The EU’s transatlantic chumocracy
Jonathan Lindsell, 11 November 2013
Round two of negotiations for TTIP, the transatlantic trade deal between the EU and America, kicks off this week. On Friday former Prime Minister John Major spoke of the ‘truly shocking’ state of Britain, in which ‘the upper echelons of power in 2013 are held overwhelmingly by the privately educated or the affluent‘. Nowhere is this more evident than the EU debate, where the ‘pro’ side is dominated by big-business interests keen to safeguard their profit margins.
Last week I examined the CBI’s study of Europe’s benefits. I was surprised by their claim EU membership was worth 4-5% of GDP (£1,225 per person). That figure comes from a ‘review of the literature’ (pp.79-81) rather than primary research. There’s only one problem with this approach: the literature reviewed by is heavily weighted towards positive EU assessments.
Of the five studies mentioned, only one gives a negative cost (Minford), and that’s discounted entirely. Research by Open Europe, IEA, Congdon, Batten, Milne, Lea & Binley, all of whom delve into the EU’s costs, is ignored.
‘Gives companies the right to sue governments if they feel the local legislation is discriminatory…Huge companies can undermine democracy and public opinion by going outside national legal systems to interfere with something as important as a health proposal.’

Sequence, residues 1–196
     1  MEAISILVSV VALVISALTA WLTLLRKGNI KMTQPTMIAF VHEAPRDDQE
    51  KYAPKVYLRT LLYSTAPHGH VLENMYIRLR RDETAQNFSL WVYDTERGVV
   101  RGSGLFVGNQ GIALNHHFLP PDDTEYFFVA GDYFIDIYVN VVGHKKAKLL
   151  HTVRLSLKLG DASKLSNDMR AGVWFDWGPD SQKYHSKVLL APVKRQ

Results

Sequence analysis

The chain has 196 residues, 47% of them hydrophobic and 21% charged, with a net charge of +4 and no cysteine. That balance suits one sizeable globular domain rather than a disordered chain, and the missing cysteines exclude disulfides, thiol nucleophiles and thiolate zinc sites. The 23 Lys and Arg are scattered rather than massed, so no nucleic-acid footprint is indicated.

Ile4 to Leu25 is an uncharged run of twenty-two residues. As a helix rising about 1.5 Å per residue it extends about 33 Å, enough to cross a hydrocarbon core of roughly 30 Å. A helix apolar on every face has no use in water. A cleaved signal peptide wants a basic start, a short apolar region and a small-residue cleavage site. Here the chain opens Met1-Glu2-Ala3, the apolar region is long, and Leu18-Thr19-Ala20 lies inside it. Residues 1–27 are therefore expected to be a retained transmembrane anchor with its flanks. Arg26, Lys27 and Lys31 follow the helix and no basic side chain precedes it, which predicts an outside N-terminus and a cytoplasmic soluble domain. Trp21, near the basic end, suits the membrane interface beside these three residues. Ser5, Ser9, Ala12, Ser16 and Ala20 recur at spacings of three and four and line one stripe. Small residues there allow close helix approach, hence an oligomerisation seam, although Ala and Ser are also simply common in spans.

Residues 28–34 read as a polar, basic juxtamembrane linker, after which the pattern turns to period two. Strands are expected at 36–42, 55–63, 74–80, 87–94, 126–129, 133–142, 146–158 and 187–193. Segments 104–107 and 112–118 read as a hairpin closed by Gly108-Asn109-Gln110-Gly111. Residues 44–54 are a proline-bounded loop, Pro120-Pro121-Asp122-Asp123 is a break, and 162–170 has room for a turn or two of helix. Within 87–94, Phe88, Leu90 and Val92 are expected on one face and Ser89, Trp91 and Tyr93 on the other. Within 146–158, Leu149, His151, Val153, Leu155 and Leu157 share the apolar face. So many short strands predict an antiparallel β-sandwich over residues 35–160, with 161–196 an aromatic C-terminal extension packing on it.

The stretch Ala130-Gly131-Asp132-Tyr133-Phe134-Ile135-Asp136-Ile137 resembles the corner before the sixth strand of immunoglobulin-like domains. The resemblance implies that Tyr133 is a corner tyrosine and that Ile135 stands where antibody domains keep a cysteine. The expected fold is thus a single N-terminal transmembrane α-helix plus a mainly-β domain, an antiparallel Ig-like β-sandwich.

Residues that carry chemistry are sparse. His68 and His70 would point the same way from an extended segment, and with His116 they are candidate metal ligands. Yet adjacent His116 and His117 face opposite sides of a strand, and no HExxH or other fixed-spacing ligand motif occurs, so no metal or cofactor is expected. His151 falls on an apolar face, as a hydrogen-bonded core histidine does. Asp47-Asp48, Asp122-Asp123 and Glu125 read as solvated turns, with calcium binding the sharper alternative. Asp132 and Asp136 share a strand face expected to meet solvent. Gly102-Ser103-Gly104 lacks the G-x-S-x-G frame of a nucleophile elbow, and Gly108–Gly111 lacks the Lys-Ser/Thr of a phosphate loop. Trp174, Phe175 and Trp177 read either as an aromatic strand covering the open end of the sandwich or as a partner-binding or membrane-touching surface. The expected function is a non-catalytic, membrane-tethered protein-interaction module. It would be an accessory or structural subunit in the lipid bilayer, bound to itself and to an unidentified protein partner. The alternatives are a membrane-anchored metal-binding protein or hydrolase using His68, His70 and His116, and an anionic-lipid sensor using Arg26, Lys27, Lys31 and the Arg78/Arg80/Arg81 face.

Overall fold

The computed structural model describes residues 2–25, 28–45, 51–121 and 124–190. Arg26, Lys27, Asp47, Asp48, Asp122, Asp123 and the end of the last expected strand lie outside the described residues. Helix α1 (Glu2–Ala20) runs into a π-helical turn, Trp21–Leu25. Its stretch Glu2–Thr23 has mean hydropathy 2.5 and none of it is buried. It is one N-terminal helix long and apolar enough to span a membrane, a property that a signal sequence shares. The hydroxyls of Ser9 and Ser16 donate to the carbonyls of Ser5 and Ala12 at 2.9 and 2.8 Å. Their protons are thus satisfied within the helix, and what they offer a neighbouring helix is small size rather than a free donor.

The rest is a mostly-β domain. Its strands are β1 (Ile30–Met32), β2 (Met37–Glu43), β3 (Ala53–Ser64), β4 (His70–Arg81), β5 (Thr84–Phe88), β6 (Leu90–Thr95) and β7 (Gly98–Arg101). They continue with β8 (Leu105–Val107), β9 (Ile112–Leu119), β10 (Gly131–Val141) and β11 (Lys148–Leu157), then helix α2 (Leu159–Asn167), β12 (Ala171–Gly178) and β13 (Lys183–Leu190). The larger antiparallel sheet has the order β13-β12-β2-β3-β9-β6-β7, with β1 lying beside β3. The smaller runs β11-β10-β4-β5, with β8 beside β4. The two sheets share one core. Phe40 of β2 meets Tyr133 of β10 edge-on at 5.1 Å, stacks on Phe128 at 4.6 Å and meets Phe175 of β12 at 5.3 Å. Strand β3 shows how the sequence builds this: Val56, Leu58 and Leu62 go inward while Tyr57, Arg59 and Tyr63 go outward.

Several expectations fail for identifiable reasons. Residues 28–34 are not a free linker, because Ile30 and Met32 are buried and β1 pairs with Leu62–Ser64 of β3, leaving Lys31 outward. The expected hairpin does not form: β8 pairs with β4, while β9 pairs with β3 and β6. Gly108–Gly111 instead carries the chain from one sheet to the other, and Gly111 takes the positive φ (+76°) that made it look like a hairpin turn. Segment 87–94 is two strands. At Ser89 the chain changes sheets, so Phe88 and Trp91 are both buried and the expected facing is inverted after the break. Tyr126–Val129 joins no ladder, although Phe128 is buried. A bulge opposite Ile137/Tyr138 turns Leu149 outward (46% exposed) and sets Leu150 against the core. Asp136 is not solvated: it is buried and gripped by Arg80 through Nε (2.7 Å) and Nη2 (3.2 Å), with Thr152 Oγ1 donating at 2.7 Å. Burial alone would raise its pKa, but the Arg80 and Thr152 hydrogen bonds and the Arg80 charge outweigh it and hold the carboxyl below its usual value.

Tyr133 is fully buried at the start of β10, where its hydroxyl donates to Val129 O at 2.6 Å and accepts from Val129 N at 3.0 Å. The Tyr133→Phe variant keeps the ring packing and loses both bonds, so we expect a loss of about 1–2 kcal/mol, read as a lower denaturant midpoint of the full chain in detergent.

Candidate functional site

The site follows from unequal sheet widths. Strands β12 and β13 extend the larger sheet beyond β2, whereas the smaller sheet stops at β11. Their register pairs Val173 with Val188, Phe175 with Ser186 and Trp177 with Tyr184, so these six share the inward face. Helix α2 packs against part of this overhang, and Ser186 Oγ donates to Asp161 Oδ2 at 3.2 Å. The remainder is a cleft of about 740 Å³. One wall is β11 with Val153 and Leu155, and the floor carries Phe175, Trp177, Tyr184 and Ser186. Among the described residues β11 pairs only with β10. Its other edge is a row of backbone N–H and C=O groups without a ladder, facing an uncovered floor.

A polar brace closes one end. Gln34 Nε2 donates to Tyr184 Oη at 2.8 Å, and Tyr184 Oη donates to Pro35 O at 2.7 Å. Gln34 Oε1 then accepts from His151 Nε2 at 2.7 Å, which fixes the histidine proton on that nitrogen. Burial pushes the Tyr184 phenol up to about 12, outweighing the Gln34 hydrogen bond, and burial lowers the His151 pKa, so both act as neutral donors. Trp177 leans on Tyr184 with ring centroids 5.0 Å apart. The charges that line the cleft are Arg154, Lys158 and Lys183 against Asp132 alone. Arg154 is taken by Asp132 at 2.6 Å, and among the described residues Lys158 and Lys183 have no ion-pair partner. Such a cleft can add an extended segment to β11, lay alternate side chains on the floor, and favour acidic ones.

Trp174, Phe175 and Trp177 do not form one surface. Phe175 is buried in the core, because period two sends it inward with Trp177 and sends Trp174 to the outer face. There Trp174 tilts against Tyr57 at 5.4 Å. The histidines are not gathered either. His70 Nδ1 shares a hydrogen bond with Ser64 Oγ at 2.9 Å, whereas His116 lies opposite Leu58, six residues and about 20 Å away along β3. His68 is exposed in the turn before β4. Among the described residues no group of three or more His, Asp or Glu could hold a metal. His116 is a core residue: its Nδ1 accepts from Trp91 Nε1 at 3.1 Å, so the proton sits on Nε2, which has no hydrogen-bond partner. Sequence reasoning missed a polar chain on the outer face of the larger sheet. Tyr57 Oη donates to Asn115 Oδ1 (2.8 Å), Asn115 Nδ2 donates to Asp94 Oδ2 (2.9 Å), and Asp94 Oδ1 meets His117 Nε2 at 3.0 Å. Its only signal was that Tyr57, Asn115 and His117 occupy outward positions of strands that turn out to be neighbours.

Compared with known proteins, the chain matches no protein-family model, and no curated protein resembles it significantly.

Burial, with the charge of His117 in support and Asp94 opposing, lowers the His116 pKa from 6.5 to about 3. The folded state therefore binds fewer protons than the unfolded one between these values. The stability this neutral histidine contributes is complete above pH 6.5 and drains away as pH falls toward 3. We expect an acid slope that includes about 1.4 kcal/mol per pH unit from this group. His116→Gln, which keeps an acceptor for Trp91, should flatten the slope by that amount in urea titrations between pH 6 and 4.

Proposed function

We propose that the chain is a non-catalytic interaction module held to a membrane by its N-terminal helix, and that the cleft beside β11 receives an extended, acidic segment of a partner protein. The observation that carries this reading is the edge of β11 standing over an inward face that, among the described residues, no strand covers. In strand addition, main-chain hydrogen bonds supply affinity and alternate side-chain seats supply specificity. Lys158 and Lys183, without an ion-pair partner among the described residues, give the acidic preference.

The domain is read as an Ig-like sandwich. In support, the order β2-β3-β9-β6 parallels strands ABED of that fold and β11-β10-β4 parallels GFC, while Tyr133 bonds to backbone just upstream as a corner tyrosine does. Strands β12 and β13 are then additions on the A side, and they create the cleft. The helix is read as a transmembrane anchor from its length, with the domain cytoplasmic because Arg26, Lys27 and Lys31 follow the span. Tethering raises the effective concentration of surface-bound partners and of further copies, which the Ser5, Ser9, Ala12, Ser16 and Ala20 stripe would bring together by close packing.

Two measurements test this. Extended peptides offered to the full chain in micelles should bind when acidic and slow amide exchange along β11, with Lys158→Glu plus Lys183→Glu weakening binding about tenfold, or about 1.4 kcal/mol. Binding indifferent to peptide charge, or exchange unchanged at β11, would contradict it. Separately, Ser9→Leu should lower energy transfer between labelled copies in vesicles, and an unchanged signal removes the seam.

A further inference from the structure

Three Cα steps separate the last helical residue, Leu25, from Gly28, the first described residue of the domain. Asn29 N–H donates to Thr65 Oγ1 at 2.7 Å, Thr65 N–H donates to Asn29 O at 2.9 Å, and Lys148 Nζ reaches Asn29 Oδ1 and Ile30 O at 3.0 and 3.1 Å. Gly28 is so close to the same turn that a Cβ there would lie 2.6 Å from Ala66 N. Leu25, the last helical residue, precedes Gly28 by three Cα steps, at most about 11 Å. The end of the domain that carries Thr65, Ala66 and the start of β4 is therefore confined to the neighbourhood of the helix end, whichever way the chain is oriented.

This is such a serious threat that I felt I’d give some more detail. Remember, the EU is already a body seriously lacking in democratic accountability. What Have We Done? by David Green explains that EU membership means the British people can no longer dismiss their own government. Laws are drafted by the unaccountable Commission, reviewed in secret by a Byzantine comitology system, and voted for, often in private, by Council and Parliament which routinely sidestep scrutiny. Qualified Majority Voting means laws can be forced on Britain against parliament’s wishes. The Eurozone ‘enhanced cooperation’ system means Britain might be affected by laws upon which it wasn’t even consulted, such as the Tobin Tax.
The additional onus of an ISDS with leviathan American corporations, then, is a menace to democracy uniting left and right. Australia, which is being sued by tobacco giant Philip Morris over its plain-packaging cigarette law, announced its intention to discontinue the principle, since it gave foreign firms greater legal power than domestic companies (which can only appeal to national courts). US drugs firm Eli Lilly is suing Canada for refusing to grant it a monopoly. A former ISDS arbitrator wrote:
‘…It never ceases to amaze me that sovereign states have agreed to investment arbitration at all […] Three private individuals are entrusted with the power to review, without any restriction or appeal procedure, all actions of the government, all decisions of the courts, and all laws and regulations emanating from parliament.’
That European firms could do the same to the USA isn’t really reassuring for anyone outside a FTSE company boardroom.